Re:Gender works to end gender inequity and discrimination against girls and women by exposing root causes and advancing research-informed action. Working with multiple sectors and disciplines, we are shaping a world that demands fairness across difference.
NCRW’s network, including academic, nonprofit, philanthropic, business, and policy leaders, gathered to focus on the status of women’s leadership in multiple sectors. The conference identified best practices, as well as generated recommendations and next steps for advancing women's leadership across sectors. The Conference Agenda follows.
In 1983, Sally Ride became the first American woman in space. She blasted off aboard Challenger, culminating a long journey that started in 1977 when the Ph.D. candidate answered an ad seeking astronauts for NASA missions.
According to her official biography, by the time Ride decided to apply to become an astronaut, she had already received degrees in physics and English and was on her way to a Ph.D. in physics from Stanford University.
Japan's world champion women's football team took exception to flying economy while their male counterparts sat in business class on a flight to Europe for the Olympics. The Japan Football Association said the men flew in business because they are professionals.
The women's team was assigned seats in premium economy for the 13-hour flight to Paris while the nation's under-23 men's team was up front on the same flight.
"It should have been the other way around," 2011 FIFA women's world player of the year Homare Sawa told Japanese media after arriving in the French capital. "Even just in terms of age we are senior."
Basketball Australia says it will review its travel policy for national teams after complaints that the men flew business class to the Olympics while most of the women sat in premium economy.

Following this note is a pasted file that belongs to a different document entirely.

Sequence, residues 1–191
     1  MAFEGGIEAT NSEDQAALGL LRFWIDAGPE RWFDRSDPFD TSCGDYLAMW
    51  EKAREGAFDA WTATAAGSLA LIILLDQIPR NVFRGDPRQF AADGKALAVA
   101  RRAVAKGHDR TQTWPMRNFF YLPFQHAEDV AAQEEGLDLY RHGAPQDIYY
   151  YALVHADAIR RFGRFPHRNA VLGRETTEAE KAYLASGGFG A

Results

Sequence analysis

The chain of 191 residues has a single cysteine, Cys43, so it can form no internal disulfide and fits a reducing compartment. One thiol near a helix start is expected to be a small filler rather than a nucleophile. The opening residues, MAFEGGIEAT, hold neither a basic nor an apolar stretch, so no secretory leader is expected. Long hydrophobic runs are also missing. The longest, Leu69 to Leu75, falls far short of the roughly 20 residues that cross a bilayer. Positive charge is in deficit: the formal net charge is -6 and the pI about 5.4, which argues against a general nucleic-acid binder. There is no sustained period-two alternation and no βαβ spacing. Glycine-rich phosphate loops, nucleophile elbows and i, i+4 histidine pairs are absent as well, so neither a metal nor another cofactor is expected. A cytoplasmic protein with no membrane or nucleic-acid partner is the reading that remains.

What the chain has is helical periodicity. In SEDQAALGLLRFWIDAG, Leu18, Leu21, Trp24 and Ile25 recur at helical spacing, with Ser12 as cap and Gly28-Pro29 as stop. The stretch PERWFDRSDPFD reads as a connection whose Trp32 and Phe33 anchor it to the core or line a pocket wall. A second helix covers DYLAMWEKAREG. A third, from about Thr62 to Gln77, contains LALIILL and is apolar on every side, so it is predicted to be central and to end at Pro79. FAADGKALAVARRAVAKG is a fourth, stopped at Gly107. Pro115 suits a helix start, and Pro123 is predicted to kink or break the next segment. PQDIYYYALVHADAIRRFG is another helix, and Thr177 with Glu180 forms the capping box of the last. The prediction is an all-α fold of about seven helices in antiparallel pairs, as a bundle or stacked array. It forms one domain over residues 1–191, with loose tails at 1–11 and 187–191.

The women's team is by far the most successful of the two, having won silver medals at the last three Olympics. The men, who will be led in London by San Antonio Spurs point guard Patty Mills, have never won an Olympic medal.
The Olympics have not even started, yet their faces are already inescapable. Step on to the London Underground, open a newspaper, turn on the television, and the women of 2012 are staring out at you.
Jessica Ennis, Rebecca Adlington, Victoria Pendleton: their names are becoming as familiar as those of Premiership footballers. The queen is Ennis, the heptathlete who is already the unofficial face of the Games, and whose lucrative sponsorship deals are expected to bring her riches of close to £1m before she even steps on to the track.
It is already being whispered about by sports pundits and Olympic officials alike: our female competitors look set to do the unthinkable and claim more medals than our male athletes for the first time, toppling them from the top of the British podium.
The story in the pan-Arab daily newspaper Al-Sharq al-Awsat – an important media tool for Saudi rulers – said Saudi male athletes have qualified to compete in track, equestrian and weightlifting at the games that start in less than three weeks.
There is no "female team taking part in the three fields," the report said Sunday, quoting an unidentified Saudi official. He said no female athlete had taken part in qualifying events in Saudi Arabia, which severely restricts women in public life.
Saudi leaders have been under pressure to end the practice of sending all-male teams to international competitions. They could face IOC sanctions after the London Games if women are excluded from the country's Olympic team.
The Saudi Embassy in London said two weeks ago that women who qualify will be allowed to compete. Last week, IOC President Jacques Rogge said he remains optimistic the Gulf kingdom will send women to the games for the first time.